California’s Blueprint for Environmental Literacy

California’s future prosperity, health, and safety depends on its citizens making wise environmental choices. As the state battles unprecedented wildfires, fueled by a historic drought, it is more imperative than ever before that all Californians have the knowledge and know how to confront the environmental challenges of the 21st century.

Yet according to a survey of California schools, only 13 percent have integrated learning about the environment into their curricula.

On September 15, 2015, State Superintendent of Public Instruction Tom Torlakson released A Blueprint for Environmental Literacy. The blueprint recommends strategies to improve instruction for students on the environment.

CalRecycle’s Office of Education and the Environment (OEE), the state department that oversees the distribution of the EEI curriculum, is proud to have played an active role in the blueprint’s development. Bryan Ehlers, OEE Director, was a member of the 47 member environmental literacy taskforce that was convened by Torlakson last year to evaluate the state of environmental education in California and make recommendations for improvements.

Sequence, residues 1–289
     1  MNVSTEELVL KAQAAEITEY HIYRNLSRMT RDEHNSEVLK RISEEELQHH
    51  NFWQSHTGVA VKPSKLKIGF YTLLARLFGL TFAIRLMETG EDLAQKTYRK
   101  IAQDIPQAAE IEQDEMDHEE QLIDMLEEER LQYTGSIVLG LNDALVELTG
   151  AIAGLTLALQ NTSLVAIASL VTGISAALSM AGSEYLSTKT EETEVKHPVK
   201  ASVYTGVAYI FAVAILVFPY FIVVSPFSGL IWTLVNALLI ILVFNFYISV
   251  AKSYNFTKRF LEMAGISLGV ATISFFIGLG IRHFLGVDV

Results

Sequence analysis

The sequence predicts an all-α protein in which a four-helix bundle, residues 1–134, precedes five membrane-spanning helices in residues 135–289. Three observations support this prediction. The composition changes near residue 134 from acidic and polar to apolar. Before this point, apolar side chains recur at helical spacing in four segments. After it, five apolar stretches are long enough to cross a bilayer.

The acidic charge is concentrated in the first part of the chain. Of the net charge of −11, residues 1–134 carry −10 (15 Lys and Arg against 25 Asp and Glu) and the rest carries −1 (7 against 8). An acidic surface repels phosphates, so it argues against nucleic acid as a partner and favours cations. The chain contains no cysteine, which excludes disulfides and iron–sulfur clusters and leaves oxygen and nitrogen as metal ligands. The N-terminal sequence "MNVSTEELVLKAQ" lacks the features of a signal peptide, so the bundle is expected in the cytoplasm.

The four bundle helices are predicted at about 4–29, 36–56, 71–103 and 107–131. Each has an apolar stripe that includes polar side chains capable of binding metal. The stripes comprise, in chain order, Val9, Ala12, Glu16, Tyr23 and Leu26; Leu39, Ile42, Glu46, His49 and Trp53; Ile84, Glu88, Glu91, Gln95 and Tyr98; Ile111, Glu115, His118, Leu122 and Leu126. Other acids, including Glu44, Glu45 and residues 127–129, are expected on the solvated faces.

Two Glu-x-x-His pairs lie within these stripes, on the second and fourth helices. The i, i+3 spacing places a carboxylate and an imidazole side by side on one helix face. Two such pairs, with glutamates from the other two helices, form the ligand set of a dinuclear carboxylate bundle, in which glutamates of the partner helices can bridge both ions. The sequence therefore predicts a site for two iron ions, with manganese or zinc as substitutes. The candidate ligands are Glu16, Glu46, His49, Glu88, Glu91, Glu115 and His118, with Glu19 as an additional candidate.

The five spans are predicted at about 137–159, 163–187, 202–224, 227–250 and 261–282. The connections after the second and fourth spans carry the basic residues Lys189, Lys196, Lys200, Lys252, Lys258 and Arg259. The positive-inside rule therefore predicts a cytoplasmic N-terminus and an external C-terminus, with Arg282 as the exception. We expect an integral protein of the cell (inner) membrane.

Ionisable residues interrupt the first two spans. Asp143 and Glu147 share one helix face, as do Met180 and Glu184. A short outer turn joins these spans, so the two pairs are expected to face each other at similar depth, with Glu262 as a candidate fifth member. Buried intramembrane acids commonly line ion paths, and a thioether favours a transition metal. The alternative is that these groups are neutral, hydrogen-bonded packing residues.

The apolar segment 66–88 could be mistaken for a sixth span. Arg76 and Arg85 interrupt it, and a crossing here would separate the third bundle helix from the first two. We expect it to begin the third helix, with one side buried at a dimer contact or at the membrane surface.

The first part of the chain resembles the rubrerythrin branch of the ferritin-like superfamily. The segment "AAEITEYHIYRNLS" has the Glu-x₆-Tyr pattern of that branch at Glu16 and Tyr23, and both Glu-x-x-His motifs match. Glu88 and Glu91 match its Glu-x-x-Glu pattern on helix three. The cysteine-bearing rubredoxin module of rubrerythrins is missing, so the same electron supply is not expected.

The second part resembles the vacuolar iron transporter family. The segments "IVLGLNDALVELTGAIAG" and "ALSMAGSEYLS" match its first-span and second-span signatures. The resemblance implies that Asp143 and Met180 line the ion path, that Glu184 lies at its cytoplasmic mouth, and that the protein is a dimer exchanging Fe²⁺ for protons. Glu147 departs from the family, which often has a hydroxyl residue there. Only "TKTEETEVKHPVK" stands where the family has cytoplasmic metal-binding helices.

The blueprint lays out six guiding principles and six key strategies that support the goal of increasing environmental literacy for all California schools. Among these principles and strategies is the recommendation to integrate environmental education into subjects educators are already required to cover. This concept will sound familiar to educators using the EEI curriculum. Since 2010, the EEI has helped California educators integrate environmental principles and concepts into their history-social science and science lessons. Upon full implementation, the blueprint will ensure all California students receive high quality instruction, including environment-based resources like the EEI.

A Blueprint for Environmental Literacy is available to download (PDF) from the California Department of Education website.



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